Proof House - a building where ammunition or propellant samples could be tested by a variety of means, including functioning.

Public Magazine - a magazine in which merchant's powder was required to be lodged.

Quantity Distance - the minimum permissible distance between a potential explosion site, containing a given quantity of explosives, and an exposed site. The quantity distance is based on an acceptable risk to life and property from the effects of a mass fire or an explosion.

Radio and Radar Radiation Hazards (RADHAZ) - the risk of inadvertent ignition of electroexplosive devices and inflammables, injury to personnel or malfunction of safety critical electronic systems resulting from exposure to electromagnetic radiation environment in the frequency range emitted by radio and radar installations.

Restriction List - a list of specific lots of ammunition suspended from issue and use as unsafe or unreliable, whether known or suspected.

Revetment - A retaining wall that supports an embankment such as a traverse (see below). Also applied to a masonry wall used to protect a building (exposed site) from an explosion at another explosives facility (potential explosion site). In RAAF usage, an open site for bomb storage, contained within an earth traverse. Sometimes known as a barricade. Originally, the masonry of the outward slope of a rampart or the inner slope of a ditch comprising part of a fortification.

Shalloon - A type of special coarse wool twilled on both sides used in making propellant bags. Flannel and serge were alternatives.

Shell Filling Room - a laboratory room dedicated to filling shell with powder charges; in some depots (not Australia), a room for melting explosives such as TNT and filling empty shells with the melted explosive.

Shell Painting Room - a room for repainting and stencilling filled shell.

Shell Scraping Room - a room for scraping filled shell to remove old paint before repainting.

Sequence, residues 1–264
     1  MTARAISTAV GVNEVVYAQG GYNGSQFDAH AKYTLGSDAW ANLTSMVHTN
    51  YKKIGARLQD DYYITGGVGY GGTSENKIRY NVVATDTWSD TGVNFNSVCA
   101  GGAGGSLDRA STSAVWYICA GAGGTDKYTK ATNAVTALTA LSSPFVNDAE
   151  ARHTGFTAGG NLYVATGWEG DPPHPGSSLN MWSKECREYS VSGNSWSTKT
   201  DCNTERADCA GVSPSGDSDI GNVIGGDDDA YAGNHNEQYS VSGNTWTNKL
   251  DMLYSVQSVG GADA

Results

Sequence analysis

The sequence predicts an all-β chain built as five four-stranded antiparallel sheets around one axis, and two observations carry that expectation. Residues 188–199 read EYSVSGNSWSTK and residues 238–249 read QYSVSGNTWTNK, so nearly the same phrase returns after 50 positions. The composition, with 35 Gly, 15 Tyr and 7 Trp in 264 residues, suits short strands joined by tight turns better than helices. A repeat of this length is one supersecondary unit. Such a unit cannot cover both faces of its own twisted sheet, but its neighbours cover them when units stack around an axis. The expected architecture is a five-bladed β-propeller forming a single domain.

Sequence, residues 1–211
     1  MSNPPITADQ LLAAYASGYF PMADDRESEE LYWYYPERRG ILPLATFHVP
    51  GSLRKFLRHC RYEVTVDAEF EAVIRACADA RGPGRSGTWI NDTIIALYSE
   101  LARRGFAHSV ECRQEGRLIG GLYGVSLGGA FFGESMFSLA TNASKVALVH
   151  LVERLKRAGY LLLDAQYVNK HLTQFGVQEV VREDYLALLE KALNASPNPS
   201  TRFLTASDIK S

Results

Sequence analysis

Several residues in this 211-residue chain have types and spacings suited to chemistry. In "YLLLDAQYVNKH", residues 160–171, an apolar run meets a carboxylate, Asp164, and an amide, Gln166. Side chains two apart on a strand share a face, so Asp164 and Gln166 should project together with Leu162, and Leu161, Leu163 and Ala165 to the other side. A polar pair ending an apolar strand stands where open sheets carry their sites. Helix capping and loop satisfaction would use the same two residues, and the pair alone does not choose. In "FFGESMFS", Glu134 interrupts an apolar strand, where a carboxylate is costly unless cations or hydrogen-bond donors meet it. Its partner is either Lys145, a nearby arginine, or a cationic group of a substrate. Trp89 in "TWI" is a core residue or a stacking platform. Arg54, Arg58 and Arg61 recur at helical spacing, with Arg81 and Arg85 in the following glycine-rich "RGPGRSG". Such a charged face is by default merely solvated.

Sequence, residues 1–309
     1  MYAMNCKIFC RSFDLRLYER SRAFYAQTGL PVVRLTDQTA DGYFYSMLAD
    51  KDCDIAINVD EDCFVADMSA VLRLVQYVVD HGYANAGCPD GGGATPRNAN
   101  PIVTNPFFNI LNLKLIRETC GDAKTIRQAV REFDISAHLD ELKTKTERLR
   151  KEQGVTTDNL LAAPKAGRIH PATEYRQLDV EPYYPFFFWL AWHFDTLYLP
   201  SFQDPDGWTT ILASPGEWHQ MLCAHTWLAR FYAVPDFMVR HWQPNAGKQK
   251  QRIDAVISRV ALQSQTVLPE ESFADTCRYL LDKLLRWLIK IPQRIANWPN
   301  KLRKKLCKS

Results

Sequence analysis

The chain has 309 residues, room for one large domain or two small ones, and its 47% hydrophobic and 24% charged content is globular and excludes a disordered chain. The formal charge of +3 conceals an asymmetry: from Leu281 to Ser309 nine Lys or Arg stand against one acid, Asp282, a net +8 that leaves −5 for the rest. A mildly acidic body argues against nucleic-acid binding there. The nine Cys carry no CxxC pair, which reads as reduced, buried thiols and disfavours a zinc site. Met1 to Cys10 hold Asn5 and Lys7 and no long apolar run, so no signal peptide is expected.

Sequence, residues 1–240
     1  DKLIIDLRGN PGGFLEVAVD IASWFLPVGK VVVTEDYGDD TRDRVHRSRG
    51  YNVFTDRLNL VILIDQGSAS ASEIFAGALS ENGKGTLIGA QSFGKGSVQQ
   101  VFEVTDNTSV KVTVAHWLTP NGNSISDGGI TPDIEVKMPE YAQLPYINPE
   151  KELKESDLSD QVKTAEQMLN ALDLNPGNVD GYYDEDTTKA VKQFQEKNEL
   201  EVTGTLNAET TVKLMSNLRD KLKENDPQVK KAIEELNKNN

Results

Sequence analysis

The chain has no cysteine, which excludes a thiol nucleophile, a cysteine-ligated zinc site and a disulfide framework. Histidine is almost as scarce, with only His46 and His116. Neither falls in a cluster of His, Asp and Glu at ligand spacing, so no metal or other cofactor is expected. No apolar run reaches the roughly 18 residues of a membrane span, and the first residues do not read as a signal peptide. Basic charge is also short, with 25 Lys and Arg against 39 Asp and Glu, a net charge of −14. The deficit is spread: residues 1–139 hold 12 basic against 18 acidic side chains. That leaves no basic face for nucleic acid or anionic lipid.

Shell Store - a lightly constructed storehouse for filled shell.

Shifting House (Room) - a staff facility for changing clothing, washing, bathing etc., particularly in the context of handling nitro explosives. (Prior to about 1875, this term referred to what was later known as an "Examining Room", i.e. a building for unheading barrels of powder and examining the contents.)

Sidney Williams Building - prefabricated steel building, used extensively during World War 2. Named after the manufacturer. Used by US Army at Kingswood.

Silk Cloth - material for making propellant bags - superseded Shalloon and Serge.

Smoking Box - lockable box used to transport smoking materials, matches and lighters between the entrance of an armament depot and places where smoking was permitted.

Station Monogram - station monograms are found marked on ammunition, components and packaging. They serve to identify the "station" that produced or last handled the item to which they are applied.

Ton - in relation to storage of ammunition, a measure of volume, also known as a shipping ton. 1 shipping ton equals 40 cubic feet (US) or 42 cubic feet (UK)).

Traverse - an embankment or cover (usually constructed of earth) designed primarily to protect a building (exposed site) from an explosion at another explosives facility (explosion site), thus preventing propagation of the explosion, and minimising injuries to people and property damage. Traverses work by intercepting outgoing debris, particularly that projected at a low angle to the ground, and receiving incoming debris, and may be partially or fully destroyed (by design) in the process. Traverses also serve as a barrier to radiant heat and flame. Some traverses were natural, as where a building was cut into a hillside, or made of concrete. Originally used in the sense of an earth bank positioned so as to protect troops from enfilade fire or to minimise the effect of a bursting shell. (See also Revetment, above.)

"Under Precautions" - refers to operations on explosives using equipment or methods that protect the operators from injury in the event of an explosion.

Unit Load - a load of ammunition designed to be carried, stored and handled as a separate unit.

Vauban, Marshal Sebastien le Prestre de (1633 - 1707)- a distinguished French fortification architect who established general design principles for gunpowder magazines.

Wadmiltilt - a strong woollen cloth covering used to shield gunpowder barrels during transport, or the floor of a laboratory whilst handling loose gunpowder. Designed to prevent ignition from sand, grit or spark. Leather hides or hair cloths were used as an alternative. (From Old English "wadmal" - a kind of woollen cloth - and "tilt" - a cover of coarse cloth, canvas etc. for a wagon, boat etc.)

Warder - a keeper (one having charge of buildings or grounds), or watchman at a magazine.

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Robert Curran